Is anyone aware of a combination of texture compression and a video en/decoder? Something that could run (at least) at roughly the same CPU cycle count as a plain video decoder, but as the output data would be 6 times smaller (assuming 24bpp is the “normal” output, even that I know video usually uses YUV) than uncompressed output I think at least four times as fast as uncompressed data output wouldn’t be too much to ask for.

Furthermore, isn’t it that quite a few of the gfx chips of today (at least from “the large two”, but possibly most or even all nowadays?) already contain hardware MPEG (1/2, maybe even parts of 4?) decoders? If so, wouldn’t it make sense to be able to make use of this already existing functionality by uploading MPEG streams (with a compression ratio 100:1-200:1 !) from host to server, have it decompress the frames, and then put the result in a specified RGB texture?

Should that be possible, OP could store 20-40 minutes instead of 12.5 seconds of streaming video in the same amount of RAM, and reduce bandwidth demands by a factor 100-200!

/me thinks this could warrant a new thread. :slight_smile:

Lossless texture compression is certainly an option, or perhaps lossy at a very low loss rate.

I’m not too worried about the basics of writing the app and getting it to render. I’m concerned mostly about the bandwidth and throughput. Perhaps I was a bit too tongue in cheek when I said “a wee bit higher” on the bandwidth requirements.

Anyhow, I’m just going to plow through it and see what I come up with.

Probably have a pipeline of a texture loader thread to prefetch as much as possible.
Image conversion and downsampling and saving to an intermediate format look almost necessary due to the large amount of CPU/time that consumes on its own.

A couple more restraints being set (of course :slight_smile: are:
-portability (OS/X, Linux, Windows and possibly IRIX)
-9000+ frames of playback (ugh! :slight_smile:

BTW- The images are 4096x4096, but some border can be cropped.

Just be glad we’re not using 84 megapixel CCDs (yet… :slight_smile:

It’s been a while, and I’ve been a busy bee and I knocked out an application prototype and it works great (even on relatively modest hardware) to an extent. My app currently easily allows panning (time and space), zooming, scaling, transforming, blending, … and works great, as long as you can fit everything in RAM :slight_smile:

I’m working on adding features and revising it to handle all of the new features I’ve been asked to add.

Currently, I can load a bunch of channels of data and I use alpha to blend the channels together. I know that this is not the right way of doing this and I’m currently designing a fragment shader to do proper blending of data channels.

Also, since nobody currently makes an affordable machine with 4 - 10 terabytes of RAM, I am also making a system for streaming the data in, since with the amount of data we are talking about, you very quickly overwhelm any computer’s RAM resources.
I keep mentioning to various computer manufacturers how nice it would be to have a computer with 10Tb of RAM, mostly, but not wholly, in jest, and I get lots of laughs. Seriously, it would be awesome to have that though :slight_smile:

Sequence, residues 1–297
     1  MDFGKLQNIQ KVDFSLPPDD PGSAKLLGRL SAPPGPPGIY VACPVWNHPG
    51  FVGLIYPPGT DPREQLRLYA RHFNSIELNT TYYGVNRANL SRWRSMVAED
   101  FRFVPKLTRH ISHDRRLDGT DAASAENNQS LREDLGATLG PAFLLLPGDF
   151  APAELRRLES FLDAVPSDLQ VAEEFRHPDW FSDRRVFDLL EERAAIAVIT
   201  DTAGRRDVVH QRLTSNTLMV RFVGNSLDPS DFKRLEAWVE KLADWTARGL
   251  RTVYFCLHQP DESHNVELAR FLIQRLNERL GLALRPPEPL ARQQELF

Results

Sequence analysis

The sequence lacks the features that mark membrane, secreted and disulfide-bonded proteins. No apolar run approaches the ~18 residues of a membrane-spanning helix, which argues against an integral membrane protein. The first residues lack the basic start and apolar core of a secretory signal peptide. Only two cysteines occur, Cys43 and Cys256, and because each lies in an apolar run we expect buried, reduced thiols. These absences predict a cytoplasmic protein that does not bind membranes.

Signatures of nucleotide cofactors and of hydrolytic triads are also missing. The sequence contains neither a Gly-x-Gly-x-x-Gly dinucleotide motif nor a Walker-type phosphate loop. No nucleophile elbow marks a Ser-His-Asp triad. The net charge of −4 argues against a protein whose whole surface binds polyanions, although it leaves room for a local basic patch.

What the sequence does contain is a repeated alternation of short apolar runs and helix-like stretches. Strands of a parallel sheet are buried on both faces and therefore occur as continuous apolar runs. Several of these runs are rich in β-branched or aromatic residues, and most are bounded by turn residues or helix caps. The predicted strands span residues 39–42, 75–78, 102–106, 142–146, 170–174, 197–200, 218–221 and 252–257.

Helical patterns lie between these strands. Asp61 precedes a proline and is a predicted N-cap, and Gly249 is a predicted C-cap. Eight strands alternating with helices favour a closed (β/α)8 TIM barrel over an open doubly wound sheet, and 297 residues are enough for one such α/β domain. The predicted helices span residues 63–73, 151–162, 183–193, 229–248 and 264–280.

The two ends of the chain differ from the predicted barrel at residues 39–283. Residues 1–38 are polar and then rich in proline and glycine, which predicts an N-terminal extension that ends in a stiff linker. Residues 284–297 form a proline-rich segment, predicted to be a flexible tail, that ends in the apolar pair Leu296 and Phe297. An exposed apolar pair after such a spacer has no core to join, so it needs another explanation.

Daily data volume is going to be about 4+ Tb, every day the Sun shines in space…

A bit more detail:
The application is to play time series image data (4Kx4K: 4096x4096) as movies at 20Hz or faster. These images are the result of blending one or more channels (up to 8) of 16 megapixel 16 bit grayscale images together.

16 megapixels @ 16bpp per channel --> 32 megabytes/image/channel
16Mpixel @ 30 Hz --> 960 Mbytes/second/channel
16Mpixel @ 20 Hz --> 640 Mbytes/second/channel

And that is PER channel, and we have up to 10 channels…
The data rate is unbelievably high, even for just one channel, and we will usually be visualizing at least 3 or 4 channels simultaneously (2.88 - 3.84 Gbytes/second), so here’s how I plan to cheat:

-have a set of spatially subsampled 1Kx1K @ 8bpp images that can be streamed much more feasibly:
1024x1024 * 8bpp @ 30Hz --> 30 megabytes/second/channel
1024x1024 * 8bpp @ 20Hz --> 20 megabytes/second/channel

When the user pauses the movie, the application will fetch the 4Kx4K images for each channel and display those instead of the 1Kx1K.

For 4Kx4K display, I am thinking about using some Toshiba 8 megapixel LCD displays, if they can ever get them to work in OS/X and Linux.
We are considering using the CGLX cluster rendering toolkit.

The fragment shader that I am working on will be used for performing various arithmetic blending operations between data channels and for colorization of the final image.
I also want to support colormaps via a fragment shader. Ie, upload a colormap as a texture and based on the blended value at a fragment, index into the colormap texture to look up the final fragment color.

Sounds like you would benefit from parallel graphic clustering.
Things like :
http://chromium.sourceforge.net/ (this one seems too old)
http://www.equalizergraphics.com/ (this one looks good, with sort-first and sort-last load balancing)

That is the plan.
CGLX is a clustered rendering toolkit that also provides much of what is most commonly needed out of GLUT.
Even so, there are still very serious bottlenecks

I forgot to include a link for CGLX:


Have you tried to use some of compressed formats, like http://developer.nvidia.com/object/real-time-ycocg-dxt-compression.html

I thing idSoftware use similar tech for their upcoming game with Megatexture engine.

I’ve been thinking about using some native as well as other compressed formats (JPEG 2000, YUV, MPEG 4, …), as long as the hardware could assist in the decode and the image fidelity is high.

I read the link you provided, but it is talking about 4:1 compression, which will not be nearly adequate for streaming in data from disk, at least at full resolution.

One of the ideas behind the application I am developing is to look for features and phenomena in the data, so lossy compression could be bad, depending upon the amount of artifacts that it generates.

The daily volume of data is going to be about 1200+ gigapixels a day, every day.

DirectX 11 hw is going to have texture compression for floating point formats. So if you wait for the hardware, and then some more years for Khronos to standardize it in OpenGL, you might save some bandwith.